A frequently asked question is whether a mortgage borrower receives any benefit from paying before the due date. In most cases, the answer is "no," but there are a few exceptions. With simple-interest mortgages, including HELOCs (home equity lines of credit), it does pay to pay early and, under some circumstances, paying early in order to shift next year’s interest into this year could reduce taxes.
The rules when payments are late: On a standard monthly payment mortgage, the payment is due on the first day of the month, and will be credited to the borrower on that day, regardless of when it is received. If the payment is received within the grace period, customarily the first 10 or 15 days, the borrower receives a free ride — no interest accrual — for those days.
If the payment is received after the grace period but within the month, the borrower is subject to a late charge. If the payment is not received until the following month, the borrower incurs a late charge and is reported to the credit bureaus as a 30-day delinquency, but the payment is credited as of the first day of the previous month.
When payments are early: Payments made before the due date are also credited as of that date. This gives the lender free use of the borrower’s money for that period. The borrower who consistently pays two weeks early, for example, is in effect providing the lender with a two-week grace period comparable to that provided by the lender to borrowers who pay late. There is no benefit to the borrower.
Simple-interest mortgages are different: On simple-interest mortgages, interest accrues daily rather than monthly, which changes the rules significantly. As with standard mortgages, payments are due on the first day of the month and late fees are charged on payments received after the grace period.
On simple-interest mortgages, however, interest is due every day. This means that a borrower who pays one day late pays additional interest for that day, and the borrower who pays one day early saves a day’s interest.
The bottom line is that a borrower who consistently pays two weeks early will save money on a simple-interest mortgage. That doesn’t bother the lenders because they know that those are rare birds. Most borrowers pay late.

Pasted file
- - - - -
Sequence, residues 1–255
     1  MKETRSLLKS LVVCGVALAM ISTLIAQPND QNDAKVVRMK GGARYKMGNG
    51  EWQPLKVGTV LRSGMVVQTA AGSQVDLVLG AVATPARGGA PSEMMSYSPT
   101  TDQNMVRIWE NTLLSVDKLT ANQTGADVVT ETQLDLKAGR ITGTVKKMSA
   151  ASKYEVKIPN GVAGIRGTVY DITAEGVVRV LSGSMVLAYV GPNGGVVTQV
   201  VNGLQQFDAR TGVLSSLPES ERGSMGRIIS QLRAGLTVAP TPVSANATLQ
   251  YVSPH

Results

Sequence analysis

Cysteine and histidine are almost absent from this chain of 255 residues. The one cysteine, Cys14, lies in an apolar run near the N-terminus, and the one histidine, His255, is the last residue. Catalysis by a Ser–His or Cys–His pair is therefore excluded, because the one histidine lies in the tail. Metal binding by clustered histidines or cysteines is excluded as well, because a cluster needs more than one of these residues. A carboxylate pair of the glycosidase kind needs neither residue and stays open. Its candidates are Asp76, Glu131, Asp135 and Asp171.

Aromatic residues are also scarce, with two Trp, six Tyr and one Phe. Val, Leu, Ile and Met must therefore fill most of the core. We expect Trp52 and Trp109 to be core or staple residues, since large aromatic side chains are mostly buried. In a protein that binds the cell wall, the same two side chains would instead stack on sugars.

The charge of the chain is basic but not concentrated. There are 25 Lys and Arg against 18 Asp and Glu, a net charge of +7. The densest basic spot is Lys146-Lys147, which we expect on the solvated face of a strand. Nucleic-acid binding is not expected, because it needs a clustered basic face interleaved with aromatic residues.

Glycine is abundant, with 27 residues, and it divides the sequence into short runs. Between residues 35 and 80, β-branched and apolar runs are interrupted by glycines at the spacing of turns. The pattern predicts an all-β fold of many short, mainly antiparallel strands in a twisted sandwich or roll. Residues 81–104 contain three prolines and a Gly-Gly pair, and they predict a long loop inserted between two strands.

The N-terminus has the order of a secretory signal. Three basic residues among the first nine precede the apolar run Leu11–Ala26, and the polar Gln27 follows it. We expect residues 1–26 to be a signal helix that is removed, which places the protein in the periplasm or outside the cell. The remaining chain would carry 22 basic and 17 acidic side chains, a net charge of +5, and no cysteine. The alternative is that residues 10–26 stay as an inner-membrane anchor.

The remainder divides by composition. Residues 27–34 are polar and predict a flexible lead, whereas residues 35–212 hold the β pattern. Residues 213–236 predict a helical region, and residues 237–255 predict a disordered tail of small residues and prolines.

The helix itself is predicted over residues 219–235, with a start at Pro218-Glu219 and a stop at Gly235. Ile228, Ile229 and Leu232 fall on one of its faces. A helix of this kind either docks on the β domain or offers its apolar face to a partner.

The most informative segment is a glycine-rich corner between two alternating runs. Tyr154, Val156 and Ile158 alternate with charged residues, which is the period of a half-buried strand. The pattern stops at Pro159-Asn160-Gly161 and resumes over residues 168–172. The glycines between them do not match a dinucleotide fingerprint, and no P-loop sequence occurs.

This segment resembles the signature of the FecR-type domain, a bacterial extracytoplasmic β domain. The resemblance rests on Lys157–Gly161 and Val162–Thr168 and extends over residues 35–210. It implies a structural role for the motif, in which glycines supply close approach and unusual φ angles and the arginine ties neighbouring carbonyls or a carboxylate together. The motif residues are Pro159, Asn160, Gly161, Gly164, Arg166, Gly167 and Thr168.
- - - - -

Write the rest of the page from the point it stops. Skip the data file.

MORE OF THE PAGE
Borrowers don’t get to choose between standard and simple-interest mortgages; I have never heard of it being offered as an option. Most have standard mortgages, and those with simple-interest mortgages typically didn’t know what they were getting. Borrowers need to adapt their payment habits to the kind of mortgage that they have.
I should note that HELOCs are simple-interest, and most HELOC borrowers do understand that they accrue interest daily. It pays to pay early on a HELOC.
Making advance provision for future payment: Early payment should not be confused with making advance provision for future payments. When I took my family on an around-the-world tour some time ago, I left a set of checks with the loan servicer dated at monthly intervals. This assured that each payment would be made on time, but I was not giving the servicer the use of my money because only one check at a time became negotiable.
A potential tax benefit in paying early: In December, some borrowers who itemize their deductions make their payments for the early months of the following year. This shifts the interest deduction in those months from next year to this year. This can be especially advantageous if the borrower expects to be in a lower tax bracket, or expects the tax rate to be lower next year.
For this to work, however, you need the servicer to agree in advance to credit your account this year for the payments due next year. The end-of-year statement will then show the interest as having been paid this year.
The writer is professor of finance emeritus at the Wharton School of the University of Pennsylvania. Comments and questions can be left at www.mtgprofessor.com.
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